This is a post by Office of National Marine Sanctuaries’ Matt Dozier.

Aerial view of oil rising to the ocean surface (upper left) near the drilling rig, during the Santa Barbara oil spill off the California coast in 1969.

Aerial view of oil rising to the ocean surface (upper left) near the drilling rig, during the Santa Barbara oil spill off the California coast in 1969. (U.S. Geological Survey)

The black ooze crept ashore on the waves, coating beaches and sea life with a sinister sheen. Residents watched, horrified, as relief workers labored to clean scores of oil-covered seabirds. Dead seals and dolphins washed up, poisoned by the toxic sludge.

This was the scene in Santa Barbara following the blowout of Union Oil’s Platform A on Jan. 28, 1969, just six miles from the California coastline. Over a period of 10 days, the damaged well leaked more than 3.2 million gallons of crude oil into the Santa Barbara Channel in one of the worst environmental disasters in U.S. history.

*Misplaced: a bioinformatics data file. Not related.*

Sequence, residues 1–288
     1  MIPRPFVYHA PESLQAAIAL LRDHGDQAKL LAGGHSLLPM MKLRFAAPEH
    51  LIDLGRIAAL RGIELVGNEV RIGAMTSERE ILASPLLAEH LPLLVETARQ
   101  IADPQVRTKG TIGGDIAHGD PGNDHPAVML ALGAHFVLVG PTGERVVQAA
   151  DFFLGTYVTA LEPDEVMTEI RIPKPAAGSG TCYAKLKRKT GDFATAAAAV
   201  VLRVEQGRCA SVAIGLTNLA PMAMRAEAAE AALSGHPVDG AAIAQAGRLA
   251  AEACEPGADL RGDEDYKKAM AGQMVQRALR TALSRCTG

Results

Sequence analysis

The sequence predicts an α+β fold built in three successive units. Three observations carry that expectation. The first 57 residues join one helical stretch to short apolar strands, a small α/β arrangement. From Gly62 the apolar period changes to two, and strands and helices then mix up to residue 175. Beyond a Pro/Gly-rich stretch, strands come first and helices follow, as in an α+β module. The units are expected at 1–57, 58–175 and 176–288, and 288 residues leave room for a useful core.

The spill was a catastrophe, but it would also become a catalyst for a new era of conservation. Galvanized by the widespread public outcry against offshore drilling and environmental pollution, Congress passed a flurry of environmental legislation in the years following the spill, including the National Environmental Policy Act, the Clean Water Act, and the Coastal Zone Management Act.

One of those bills, the Marine Protection, Research and Sanctuaries Act, was signed into law 40 years ago on October 23, 1972. It granted the Department of Commerce the authority to create a groundbreaking kind of protected area called a “national marine sanctuary” for the preservation or restoration of American waters with special “conservation, recreational, ecological, or esthetic values.”